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The Infra Blog

Guest on The Infra Blog: Henry Petroski, Historian & Author of The Road Taken: The History and Future of America’s Infrastructure

Wednesday, April 20th, 2016
Henry Petroski Professor of Civil Engineering in Pratt School of Engineering

Henry Petroski is an Aleksandar C. Vesic Professor of Civil Engineering at Duke University, as well as an author and historian. His most recent book is titled The Road Taken: The History and Future of America’s Infrastructure.

Roads that aren’t paved correctly should not be paid for. They should be redone. If we have something, work done in our house and it’s not done right, we expect the contractor to redo it. We don’t just write another check. I believe unfortunately that too many times the government that represents the people and spends the people’s tax money does do just that.

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RPA Assembly 2016: Join the Discussion to Ensure a Thriving NYC Metro Region

Monday, April 18th, 2016
Screen Shot 2016-04-18 at 11.04.00

Join the Regional Plan Association on May 6 for RPA’s Assembly, a day of engaging discussion about the best ways to address issues including the crisis of affordability, threats to our coastlines, deteriorating infrastructure and pressures on our quality of life.

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Outstanding Engineering: Michigan’s “96fix” Highway Rehabilitation

Monday, April 11th, 2016
Outstanding Engineering - Michigan's "96fix"

96fix was the largest single-season construction project in state history. Reconstruction of the seven-mile stretch of the 40-year-old freeway included the rehabilitation of 37 bridges, installation of LED lighting and storm sewers, and safety improvements. The $153 million project was completed early and under budget, and brought I-96 in line with current standards. Innovative technologies included visual modeling to gain public support for closing the freeway during construction and 3-D design model for fine-tuning paving work. The process saved taxpayer dollars, cut freeway closure time, and improved pavement quality and safety.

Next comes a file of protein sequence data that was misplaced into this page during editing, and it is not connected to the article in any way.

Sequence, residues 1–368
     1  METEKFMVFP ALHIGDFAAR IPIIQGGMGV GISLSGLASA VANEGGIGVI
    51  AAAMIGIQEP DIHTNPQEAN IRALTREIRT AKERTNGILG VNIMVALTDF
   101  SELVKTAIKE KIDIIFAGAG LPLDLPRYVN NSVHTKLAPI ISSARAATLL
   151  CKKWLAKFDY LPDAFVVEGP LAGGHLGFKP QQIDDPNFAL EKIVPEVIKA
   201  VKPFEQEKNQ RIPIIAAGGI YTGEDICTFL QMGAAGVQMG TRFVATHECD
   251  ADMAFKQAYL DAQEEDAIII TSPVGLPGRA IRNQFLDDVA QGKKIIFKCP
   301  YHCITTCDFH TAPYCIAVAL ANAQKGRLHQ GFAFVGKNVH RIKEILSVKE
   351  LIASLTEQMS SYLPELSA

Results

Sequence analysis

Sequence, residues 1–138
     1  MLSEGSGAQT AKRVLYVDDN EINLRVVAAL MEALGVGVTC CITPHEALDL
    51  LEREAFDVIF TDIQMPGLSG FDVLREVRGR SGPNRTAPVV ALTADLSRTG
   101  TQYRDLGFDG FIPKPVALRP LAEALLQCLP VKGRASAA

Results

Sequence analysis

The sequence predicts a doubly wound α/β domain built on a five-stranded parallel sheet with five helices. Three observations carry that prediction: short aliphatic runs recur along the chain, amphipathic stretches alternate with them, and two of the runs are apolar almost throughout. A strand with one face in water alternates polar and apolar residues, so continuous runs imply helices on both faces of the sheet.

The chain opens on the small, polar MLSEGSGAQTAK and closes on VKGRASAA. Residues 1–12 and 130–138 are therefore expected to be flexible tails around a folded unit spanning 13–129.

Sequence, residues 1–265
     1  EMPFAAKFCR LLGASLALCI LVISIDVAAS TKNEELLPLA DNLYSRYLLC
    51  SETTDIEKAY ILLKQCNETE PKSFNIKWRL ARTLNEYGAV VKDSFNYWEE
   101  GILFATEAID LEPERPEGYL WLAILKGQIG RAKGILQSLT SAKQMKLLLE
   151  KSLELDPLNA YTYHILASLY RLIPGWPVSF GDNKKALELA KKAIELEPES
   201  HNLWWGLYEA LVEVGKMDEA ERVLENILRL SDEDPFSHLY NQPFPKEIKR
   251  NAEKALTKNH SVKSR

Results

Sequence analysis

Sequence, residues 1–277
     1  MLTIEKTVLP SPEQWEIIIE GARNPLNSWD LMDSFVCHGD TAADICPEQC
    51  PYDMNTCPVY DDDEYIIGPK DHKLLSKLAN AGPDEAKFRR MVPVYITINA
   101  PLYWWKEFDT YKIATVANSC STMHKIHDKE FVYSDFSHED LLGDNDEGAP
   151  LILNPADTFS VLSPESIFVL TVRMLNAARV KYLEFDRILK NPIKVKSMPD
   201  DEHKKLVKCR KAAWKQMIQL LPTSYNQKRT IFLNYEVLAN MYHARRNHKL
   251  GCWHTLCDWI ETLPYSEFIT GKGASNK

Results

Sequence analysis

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Guest on The Infra Blog: Rachel Gutter, Director, Center for Green Schools

Wednesday, April 6th, 2016
Rachel Gutter, Director, Center for Green Schools

Rachel Gutter is Senior Vice President of Knowledge at the U.S. Green Building Council and Director of the Center for Green Schools.

“It’s been 20 years since the federal government published a comprehensive inventory of K-12 public school facilities, and at the time…more than 15,000 schools in the United States had air that was actually unfit to breathe. And then they dropped it for the last 20 years…because of our limited insight into the conditions of the school facilities, we have no sense of just how pervasive the problem is. But just like we know that lurking across these hundred thousand K-12 public schools there are thousands of schools that still have air that’s unfit to breathe, we know that there are likely thousands of schools that have water that’s unfit for drinking. And that’s not acceptable.”

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Outstanding Engineering: Tallahassee Regional Transportation Management Center

Monday, April 4th, 2016
Outstanding Engineering: Kimley Horn Tallahassee Regional Transportation Management Center